In college when I was beginning to date a guy I worked part time with, he had a burning question for me on our first date: “How many tops do you actually own?’ (I was dressing to impress him at work because we had a well-known mutual crush.) During those years, I held glamor jobs as a Phillies Girl, as a model, and as a Boss Chick for a radio station.

It’s odd to even look back at the majority of my childhood and remember how boyish I was, and even write this, as my adult friends would never guess my past as a tomboy in a million years. My entire adult life has been lived as a girly girl, a fashion maven, always impeccably dressed in the latest fashions and accessories – always with hair and makeup done subtly but stylish. The way I collect shoes, perfumes, jewelry, and clothes, and wear them with the most girly flair, it seems highly unlikely I was ever anything else. As I must throw in my favorite Yiddish word here, I am always Fahpitzed. (also known as fahrpitzed.) I am known for wearing skirts and dresses most of the time rather than those nondescript black pants favored by many.

But wait, read on! What goes around, comes around again. When COVID-19 quarantining began the girly-girl who would not be caught dead without nail and toe polish, suddenly went braless and all-natural in every respect including leg shaving. No polish, no makeup, no hair mussing, no dressing. Working from home, I could make due on five tee shirts and gym shorts a week, plus two weekend outfits of a sleeveless top and shorts. Flip flops or bare feet with unpolished toenails was the new standard. Back to an androgynous natural look with boyish gym clothes on every day was the new norm. My husband who likes me au natural, was fine with this.

One day in the middle of this COVID stay-at-home period of time, I stared into my massive closet at all my pretty things – my clothes and shoes and accessories, and I just sighed a huge sigh. I did not know when I would ever make use of my clothes and accessories again, even though in my former active social life, I always needed a nice outfit at the ready. The clothes in my closet looked kind of sad, just limply “hanging” around, (Best line that just was, no?) collecting dust from lack of use. Just since March, there were numerous video baby showers, Zoom BIG birthday parties and at least two weddings that took place with just immediate family that I could have pulled out all the stops with my wardrobe but did not need to because there was no in-person event.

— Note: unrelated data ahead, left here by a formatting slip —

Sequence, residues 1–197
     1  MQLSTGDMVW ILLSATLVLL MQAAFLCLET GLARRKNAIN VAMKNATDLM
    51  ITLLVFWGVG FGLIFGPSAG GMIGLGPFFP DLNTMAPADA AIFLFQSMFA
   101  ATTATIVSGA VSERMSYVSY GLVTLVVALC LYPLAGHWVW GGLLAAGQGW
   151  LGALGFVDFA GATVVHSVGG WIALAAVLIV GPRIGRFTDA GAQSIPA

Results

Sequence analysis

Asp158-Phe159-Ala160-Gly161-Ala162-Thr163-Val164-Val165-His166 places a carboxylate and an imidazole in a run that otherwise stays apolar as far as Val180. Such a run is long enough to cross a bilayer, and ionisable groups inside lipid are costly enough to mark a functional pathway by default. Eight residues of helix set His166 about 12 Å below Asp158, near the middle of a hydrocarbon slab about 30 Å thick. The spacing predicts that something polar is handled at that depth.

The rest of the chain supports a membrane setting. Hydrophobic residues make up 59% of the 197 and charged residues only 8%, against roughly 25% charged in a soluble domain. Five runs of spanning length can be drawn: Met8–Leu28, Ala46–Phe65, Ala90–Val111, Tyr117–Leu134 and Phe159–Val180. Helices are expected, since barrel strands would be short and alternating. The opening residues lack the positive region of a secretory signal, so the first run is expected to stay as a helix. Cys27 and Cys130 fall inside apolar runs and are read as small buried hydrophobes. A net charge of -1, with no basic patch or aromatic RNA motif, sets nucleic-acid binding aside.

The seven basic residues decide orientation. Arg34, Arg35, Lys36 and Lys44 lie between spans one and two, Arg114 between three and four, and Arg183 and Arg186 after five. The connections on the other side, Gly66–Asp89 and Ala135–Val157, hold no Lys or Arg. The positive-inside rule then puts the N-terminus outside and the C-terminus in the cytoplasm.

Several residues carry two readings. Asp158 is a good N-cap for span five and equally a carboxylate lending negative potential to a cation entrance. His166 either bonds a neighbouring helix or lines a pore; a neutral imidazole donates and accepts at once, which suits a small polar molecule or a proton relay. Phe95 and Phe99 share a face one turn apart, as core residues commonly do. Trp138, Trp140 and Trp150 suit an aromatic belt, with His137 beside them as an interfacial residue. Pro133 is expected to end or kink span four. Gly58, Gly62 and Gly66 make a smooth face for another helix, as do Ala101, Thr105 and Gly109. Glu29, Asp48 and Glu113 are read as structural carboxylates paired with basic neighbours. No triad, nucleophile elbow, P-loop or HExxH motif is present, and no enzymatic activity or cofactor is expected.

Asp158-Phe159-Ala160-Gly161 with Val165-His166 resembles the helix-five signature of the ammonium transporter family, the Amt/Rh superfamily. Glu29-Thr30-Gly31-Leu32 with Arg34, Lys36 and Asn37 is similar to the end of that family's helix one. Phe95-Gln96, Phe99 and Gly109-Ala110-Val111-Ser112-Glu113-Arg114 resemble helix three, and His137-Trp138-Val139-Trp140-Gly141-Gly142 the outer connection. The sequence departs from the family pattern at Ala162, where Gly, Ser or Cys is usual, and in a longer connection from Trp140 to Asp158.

After writing this, I got kind of sad again, and decided to decorate myself just a bit for my day. It lifted my spirits and reminded me just how much “I Enjoy Being a Girl” to just put on a single feminine bracelet to gaze upon during my work day. One day I will have a life beyond my four walls and I will become the best dressed fashionista again and I will sing, How Lovely to be a Woman.

Note: Since this was first written, we have ventured into outdoor visits with friends (take out dinner) where my feminine self emerged once again. I did not want to scare anyone who knows me.


  • My name is Sheila Freemer, wife of Steven Freemer, who is a friend of your husband. I think you are stunning!!!! Of course as a woman I noticed your “sharp” tights, and great looking shoes. Also, love your outfit! I would have loved to have been a friend of yours! By the way, I am a Redhead not a Blonde!

    • Hi Sheila, I know exactly who you are pretty lady. Your husband is special just as you are! Thank you for reading and commenting! It is appreciated! Arlene

  • Well written